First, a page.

Young specialists boost central Vietnamese province’s demining efforts

Clearing unexploded ordnance is no longer exclusive to males, as young female defusers excel at the job

Nguyen Thi Dieu Linh, who currently heads a mine location and defusing team with RENEW, a project run by the Norwegian People’s Aid, poses with a bomb buried for 42 years at a local's garden in Hai Lang District in the central province of Quang Tri.

More than 40 years after the end of the war in Vietnam, young specialists, including many women in their 20s, are working to clear locales in the central province of Quang Tri of leftover unexploded ordnance (UXO).

Quang Tri was one of the most heavily bombed regions in Vietnam by the U.S. military’s war campaign, which came to an end in 1975.

Nguyen Thi Dieu Linh, 33, currently heads a mine location and defusing team with RENEW, a project run by Norwegian People’s Aid (NPA).

The NPA, an international non-governmental organization (NGO) that focuses on mine and explosive clearance, has carried out UXO clearance projects in several central Vietnamese provinces including Quang Tri, Quang Binh and Thua Thien-Hue.

Last year the small-statured woman was appointed to the position, a surprise in a field typically dominated by men.

Linh’s qualifications in landmine deactivation were issued by the NPA, and she has received advanced training courses offered by the U.S.’s James Madison University in Jordan in 2009.

Originally working as an interpreter, she has now been involved in the demining field for more than eight years.

Linh, now in charge 160 staff divided into 26 teams under the RENEW project, moves briskly between the rough field sites and gives clear-cut commands to ensure her crew upholds the highest standards of safety and performance efficiency.

A few weeks ago Linh escorted a Tuoi Tre (Youth) newspaper reporter to a secluded hilly area to the west of Hai Lam Commune in Hai Lang District, where one of her cluster bomb demining survey teams was working.

Staffers of Peace Tree, a non-governmental organization active in mine clearance in Quang Tri, are about to defuse a 1,000-pound bomb transported from over 100 kilometers away. Photo: Tuoi Tre

The team, led by Nguyen Quoc Bao, was painstakingly working under the scorching sun though it was only nine in the morning.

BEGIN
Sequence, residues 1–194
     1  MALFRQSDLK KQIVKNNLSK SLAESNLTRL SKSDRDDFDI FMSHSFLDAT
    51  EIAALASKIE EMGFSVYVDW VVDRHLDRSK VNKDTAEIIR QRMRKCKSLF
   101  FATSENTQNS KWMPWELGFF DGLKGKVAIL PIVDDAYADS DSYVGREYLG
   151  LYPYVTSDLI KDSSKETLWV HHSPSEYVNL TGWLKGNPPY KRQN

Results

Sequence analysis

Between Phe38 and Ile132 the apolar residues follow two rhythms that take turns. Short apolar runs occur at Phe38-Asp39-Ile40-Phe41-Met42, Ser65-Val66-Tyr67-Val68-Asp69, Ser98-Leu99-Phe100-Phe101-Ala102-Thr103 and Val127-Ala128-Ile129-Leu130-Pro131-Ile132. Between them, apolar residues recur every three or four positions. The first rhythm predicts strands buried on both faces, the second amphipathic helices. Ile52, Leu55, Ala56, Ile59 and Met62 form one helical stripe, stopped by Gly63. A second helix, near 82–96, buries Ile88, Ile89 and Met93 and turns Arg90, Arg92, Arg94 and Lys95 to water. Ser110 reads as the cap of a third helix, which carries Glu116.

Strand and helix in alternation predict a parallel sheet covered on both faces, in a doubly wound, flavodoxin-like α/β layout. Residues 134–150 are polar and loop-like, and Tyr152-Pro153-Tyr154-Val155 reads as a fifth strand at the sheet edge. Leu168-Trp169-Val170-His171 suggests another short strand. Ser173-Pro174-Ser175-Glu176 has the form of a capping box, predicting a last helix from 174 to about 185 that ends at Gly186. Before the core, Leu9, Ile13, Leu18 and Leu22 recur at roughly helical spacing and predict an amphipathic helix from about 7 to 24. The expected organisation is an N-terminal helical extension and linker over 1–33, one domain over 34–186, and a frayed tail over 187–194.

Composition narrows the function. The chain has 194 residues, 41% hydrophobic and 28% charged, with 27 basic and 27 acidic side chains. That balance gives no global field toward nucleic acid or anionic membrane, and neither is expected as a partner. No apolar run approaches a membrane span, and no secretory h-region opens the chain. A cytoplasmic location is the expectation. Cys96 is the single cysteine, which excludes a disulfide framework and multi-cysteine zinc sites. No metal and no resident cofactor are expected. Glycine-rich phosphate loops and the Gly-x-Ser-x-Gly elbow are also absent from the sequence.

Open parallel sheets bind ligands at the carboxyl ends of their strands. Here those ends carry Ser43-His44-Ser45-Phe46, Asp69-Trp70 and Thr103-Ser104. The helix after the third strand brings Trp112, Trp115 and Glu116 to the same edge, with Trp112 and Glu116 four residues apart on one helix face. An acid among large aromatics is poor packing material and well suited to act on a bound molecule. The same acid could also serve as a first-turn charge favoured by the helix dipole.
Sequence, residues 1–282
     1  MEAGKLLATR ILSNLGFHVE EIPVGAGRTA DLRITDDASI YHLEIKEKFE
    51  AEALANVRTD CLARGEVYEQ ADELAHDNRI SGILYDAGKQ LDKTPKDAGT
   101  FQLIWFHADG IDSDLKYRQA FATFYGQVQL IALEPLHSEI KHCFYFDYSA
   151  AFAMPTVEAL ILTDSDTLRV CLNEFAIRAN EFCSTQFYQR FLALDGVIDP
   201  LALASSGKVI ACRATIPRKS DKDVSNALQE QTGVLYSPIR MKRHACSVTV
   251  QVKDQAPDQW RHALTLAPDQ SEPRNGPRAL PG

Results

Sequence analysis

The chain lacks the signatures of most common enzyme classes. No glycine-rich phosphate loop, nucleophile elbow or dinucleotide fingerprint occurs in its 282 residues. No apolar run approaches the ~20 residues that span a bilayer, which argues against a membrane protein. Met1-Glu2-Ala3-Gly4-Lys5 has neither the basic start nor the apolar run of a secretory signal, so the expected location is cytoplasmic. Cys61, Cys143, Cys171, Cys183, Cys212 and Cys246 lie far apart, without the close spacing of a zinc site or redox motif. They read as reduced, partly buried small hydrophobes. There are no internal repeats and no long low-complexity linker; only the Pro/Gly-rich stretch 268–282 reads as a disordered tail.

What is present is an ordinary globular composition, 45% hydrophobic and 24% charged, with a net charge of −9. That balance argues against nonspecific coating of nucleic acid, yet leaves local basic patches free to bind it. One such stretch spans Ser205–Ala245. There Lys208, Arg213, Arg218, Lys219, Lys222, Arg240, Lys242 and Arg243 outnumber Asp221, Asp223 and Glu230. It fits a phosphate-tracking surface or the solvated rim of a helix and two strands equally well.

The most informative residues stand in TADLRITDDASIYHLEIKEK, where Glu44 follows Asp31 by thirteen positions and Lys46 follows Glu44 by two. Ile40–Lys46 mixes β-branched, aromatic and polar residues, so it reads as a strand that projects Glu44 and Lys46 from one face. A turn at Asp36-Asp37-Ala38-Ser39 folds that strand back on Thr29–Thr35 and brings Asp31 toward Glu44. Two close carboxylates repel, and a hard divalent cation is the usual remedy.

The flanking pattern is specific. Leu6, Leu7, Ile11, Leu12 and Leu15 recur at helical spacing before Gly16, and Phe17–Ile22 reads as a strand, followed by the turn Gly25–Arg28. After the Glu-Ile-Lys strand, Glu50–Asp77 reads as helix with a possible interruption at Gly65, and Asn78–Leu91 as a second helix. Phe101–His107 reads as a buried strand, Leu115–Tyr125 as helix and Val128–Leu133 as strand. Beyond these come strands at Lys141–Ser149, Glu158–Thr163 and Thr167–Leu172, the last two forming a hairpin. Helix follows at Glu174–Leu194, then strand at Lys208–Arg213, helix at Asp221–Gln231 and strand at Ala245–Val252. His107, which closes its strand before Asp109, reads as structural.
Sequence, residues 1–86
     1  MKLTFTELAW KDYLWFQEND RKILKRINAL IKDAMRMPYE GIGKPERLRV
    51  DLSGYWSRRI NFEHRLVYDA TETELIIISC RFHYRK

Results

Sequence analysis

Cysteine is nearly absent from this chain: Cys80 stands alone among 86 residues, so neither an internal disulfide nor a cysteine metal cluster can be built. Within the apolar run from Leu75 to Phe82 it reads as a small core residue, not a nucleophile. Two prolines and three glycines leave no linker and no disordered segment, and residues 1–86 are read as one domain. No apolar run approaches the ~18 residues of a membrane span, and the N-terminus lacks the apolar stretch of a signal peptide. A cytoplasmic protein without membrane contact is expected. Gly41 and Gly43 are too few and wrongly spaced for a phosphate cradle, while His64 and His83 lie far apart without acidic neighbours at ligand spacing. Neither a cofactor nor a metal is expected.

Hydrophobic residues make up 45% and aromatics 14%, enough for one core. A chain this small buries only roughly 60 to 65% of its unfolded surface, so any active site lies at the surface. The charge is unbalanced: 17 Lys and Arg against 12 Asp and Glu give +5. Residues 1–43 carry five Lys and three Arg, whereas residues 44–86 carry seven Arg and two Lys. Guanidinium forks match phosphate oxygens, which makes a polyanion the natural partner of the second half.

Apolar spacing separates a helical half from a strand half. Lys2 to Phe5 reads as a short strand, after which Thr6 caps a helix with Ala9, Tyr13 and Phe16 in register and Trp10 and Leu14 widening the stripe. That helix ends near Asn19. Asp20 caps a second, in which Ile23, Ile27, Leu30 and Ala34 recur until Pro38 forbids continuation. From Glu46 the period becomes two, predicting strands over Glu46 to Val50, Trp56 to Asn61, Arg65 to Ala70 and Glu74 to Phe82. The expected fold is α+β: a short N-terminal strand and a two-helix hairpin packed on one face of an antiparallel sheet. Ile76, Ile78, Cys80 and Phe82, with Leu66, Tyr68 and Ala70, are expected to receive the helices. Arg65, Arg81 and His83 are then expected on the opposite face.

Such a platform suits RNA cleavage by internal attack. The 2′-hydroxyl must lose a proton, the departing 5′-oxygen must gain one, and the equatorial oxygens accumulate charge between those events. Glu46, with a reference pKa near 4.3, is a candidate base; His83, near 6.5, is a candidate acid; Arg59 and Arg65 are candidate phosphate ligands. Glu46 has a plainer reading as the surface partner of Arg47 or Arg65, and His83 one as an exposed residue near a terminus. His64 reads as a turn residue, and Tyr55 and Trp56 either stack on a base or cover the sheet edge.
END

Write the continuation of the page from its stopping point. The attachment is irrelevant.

Among Bao’s young team members is Cam Nhung, who is only in her early 20s.

Born long after the war was over, the girl, along with her peers, is giving her best to heal the wounds of war.

The Tuoi Tre reporter also met Le Xuan Tung, head of RENEW’s mobile demining team No. 1, while the latter was on his way to defuse a number of explosives in Hai Tho District following tip-offs from locals.  

Tung and his team members triggered strictly controlled blasts on an almost daily basis in their efforts to safely remove deadly ordnance from the areas.

A day at work

To enter the restricted survey areas where Linh, Bao and Nhung work, visitors are required to undergo a stringent process, including providing their personal parameters and blood types.

Cluster bombs typically stored between 650 and over 1,000 projectiles that could affect the entire vicinity of the area in which they were dropped, studies have indicated.

Detected cluster bombs and other explosives are input into a database at the end of the day and the ordnance-contaminated areas are meticulously mapped and provide helpful data for a data bank run by Quang Tri Province Legacy of War Coordination Center, the Tuoi Tre reporter was told.

Recently founded by the provincial People’s Committee, the center is patronized by the NPA and joined by other non-governmental organizations in a bid to better coordinate efforts in surmounting the impacts of post-war UXOs.

The center will later turn to these NGOs, including the Mines Advisory Group (MAG), based in the UK, aimed at clearing landmines, UXOs and other remnants of conflict for the benefit of communities worldwide, which will proceed with the defusing work.

Under the RENEW project, surveys are being carried out across Quang Tri and are expected to be completed in five years.

Nguyen Thi Dieu Linh (C) works with U.S. Ambassador to Vietnam Ted Osius (R) during a field trip to a mine clearance site in Quang Tri. Photo: Tuoi Tre

Prior to 2014, organizations and projects involved in landmine clearance such as RENEW, MAG, Cay Hoa Binh (Peace Tree) and C.P.I., operated separately in different districts.

The groups began coordinating their efforts two years ago in a bid t to implement systematic, large-scale surveys and demining plans throughout the province.

Over the past 20 years, with funding from the U.S. government NGOs have helped clear 8,399 hectares of land in Quang Tri and safely removed and destroyed 556,448 UXOs.

Since the war ended in 1975, the Vietnamese government has spent US$80-100 million resolving UXO issues every year and has received support from domestic and international organizations.

About 800,000 tonnes of bombs, mines, and other explosive weapons were left and buried in Vietnam after its resistance against American invaders from 1954 to 1975, a Vietnamese official said in 2014.

In the past years, approximately only 3.26 percent of the country’s total areas contaminated with UXOs have been cleared.

Since 1975, explosions of bombs, mines, and other weapons have killed more than 40,000 people and maimed about 60,000 others in Vietnam, he added.

UXOs have also affected the country’s socio-economic development, as Vietnam has spent thousands of billions of dong (VND1 billion = $44,334) each year on UXO clearance and supporting victims of UXOs.

With the current capacity of the government, it may take about 320 years to clear all landmines in the country, another official said.

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